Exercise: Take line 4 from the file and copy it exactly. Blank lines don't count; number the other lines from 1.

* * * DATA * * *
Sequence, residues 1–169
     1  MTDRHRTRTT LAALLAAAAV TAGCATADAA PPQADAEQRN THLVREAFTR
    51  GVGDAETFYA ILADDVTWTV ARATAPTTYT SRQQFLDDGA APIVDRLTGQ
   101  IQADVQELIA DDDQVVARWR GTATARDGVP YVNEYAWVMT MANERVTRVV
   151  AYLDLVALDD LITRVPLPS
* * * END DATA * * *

   101  IQADVQELIA DDDQVVARWR GTATARDGVP YVNEYAWVMT MANERVTRVV